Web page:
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Pomp, fireworks and hot dog contest mark Independence Day

China Daily | Updated: 2017-07-05 07:27

 Pomp, fireworks and hot dog contest mark Independence Day

Champion Joey Chestnut holds a tray of hot dogs ahead of an eating contest in New York on Monday.Richard Drew / Ap

NEW YORK - Americans celebrated their country's birthday on Tuesday with fireworks, parades and competitive hot dog eating, marking a day of shared traditions in a nation that has grappled with divides this past year.

In New York, throngs were expected to watch the annual Macy's fireworks blowout and the Nathan's Famous frankfurter-chomping contest on Coney Island on Wednesday.

In Washington, President Donald Trump is observing his first Independence Day in office by hosting a White House picnic for military families, followed by a fireworks viewing event for military families and staffers.

In Boston, one of 14 original copies of the Declaration of Independence will be displayed at a museum, and hundreds of thousands of people are expected at the city's fireworks show. Organizers of Chicago's Independence Day celebration are expecting such large crowds that the city's Navy Pier is opening at 10 am, nearly 12 hours before the fireworks begin.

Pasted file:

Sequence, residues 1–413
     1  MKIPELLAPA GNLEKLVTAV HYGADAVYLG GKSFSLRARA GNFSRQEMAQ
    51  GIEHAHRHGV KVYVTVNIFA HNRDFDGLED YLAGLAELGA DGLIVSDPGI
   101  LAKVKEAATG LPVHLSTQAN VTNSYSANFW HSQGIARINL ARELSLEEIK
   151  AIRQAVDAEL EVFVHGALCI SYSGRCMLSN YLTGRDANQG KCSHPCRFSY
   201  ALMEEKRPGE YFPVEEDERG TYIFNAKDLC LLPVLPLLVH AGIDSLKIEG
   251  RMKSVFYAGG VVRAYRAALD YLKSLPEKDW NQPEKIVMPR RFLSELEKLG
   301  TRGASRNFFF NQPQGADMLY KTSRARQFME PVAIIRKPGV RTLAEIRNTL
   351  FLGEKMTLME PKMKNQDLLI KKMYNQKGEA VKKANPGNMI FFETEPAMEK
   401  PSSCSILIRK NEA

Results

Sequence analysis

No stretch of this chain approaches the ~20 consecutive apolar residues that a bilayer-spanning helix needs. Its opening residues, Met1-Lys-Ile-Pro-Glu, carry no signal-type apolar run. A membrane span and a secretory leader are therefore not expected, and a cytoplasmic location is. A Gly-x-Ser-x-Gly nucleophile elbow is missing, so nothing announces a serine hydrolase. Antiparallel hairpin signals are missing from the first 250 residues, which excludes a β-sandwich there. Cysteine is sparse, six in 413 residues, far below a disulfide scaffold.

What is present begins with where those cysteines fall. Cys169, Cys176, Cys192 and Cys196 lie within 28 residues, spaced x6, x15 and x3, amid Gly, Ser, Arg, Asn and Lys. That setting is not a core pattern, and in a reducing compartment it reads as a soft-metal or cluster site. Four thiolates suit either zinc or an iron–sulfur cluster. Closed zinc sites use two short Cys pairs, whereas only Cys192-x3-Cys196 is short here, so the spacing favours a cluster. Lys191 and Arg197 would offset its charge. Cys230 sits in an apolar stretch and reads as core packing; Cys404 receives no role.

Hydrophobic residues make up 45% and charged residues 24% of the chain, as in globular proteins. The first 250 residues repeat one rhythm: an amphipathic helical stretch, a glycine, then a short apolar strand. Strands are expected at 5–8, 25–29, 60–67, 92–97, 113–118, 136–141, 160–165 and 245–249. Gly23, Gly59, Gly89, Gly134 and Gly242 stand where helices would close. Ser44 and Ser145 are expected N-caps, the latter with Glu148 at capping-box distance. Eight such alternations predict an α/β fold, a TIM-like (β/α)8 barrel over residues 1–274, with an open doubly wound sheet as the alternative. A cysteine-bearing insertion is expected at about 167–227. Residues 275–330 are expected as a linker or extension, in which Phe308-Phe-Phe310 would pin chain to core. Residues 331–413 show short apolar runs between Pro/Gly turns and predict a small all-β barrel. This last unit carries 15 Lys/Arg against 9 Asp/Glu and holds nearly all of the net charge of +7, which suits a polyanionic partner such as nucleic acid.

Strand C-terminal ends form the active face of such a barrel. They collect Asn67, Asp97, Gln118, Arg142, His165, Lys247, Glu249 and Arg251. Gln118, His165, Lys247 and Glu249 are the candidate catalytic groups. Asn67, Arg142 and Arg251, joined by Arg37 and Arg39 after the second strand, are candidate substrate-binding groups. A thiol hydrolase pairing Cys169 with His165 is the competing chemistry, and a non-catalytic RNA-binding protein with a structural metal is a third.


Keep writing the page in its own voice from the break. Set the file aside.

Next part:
Meanwhile, more than 15,000 new US citizens will be sworn in during more than 65 Independence Day-themed naturalization ceremonies across the country.

For all the pomp and celebration, July 4 arrives with Americans deeply split over the nation's direction, after last year's presidential election and political clashes over immigration, healthcare and other issues in the early months of Trump's Republican administration. And in an era of concerns about security, the Independence Day celebrations are mixed with precautions.

The New York Police Department planned to station 100 vehicles to block intersections and 20 sand-filled sanitation trucks to fortify viewing areas for the Macy's fireworks show.

Heavily armed counterterrorism units will mingle among spectators, officers will have portable radiation detection devices and bomb-sniffing dogs, and officers will be stationed on rooftops.

Boston police also plan to put trucks and other heavy equipment near the celebration there. Police in both cities say there are no confirmed threats.

Meanwhile, a resident of Laconia, New Hampshire, stepped in to organize a parade after learning it was facing cancellation for lack of interest. Some 25 organizations have since signed up to provide floats or marchers.

Associated Press


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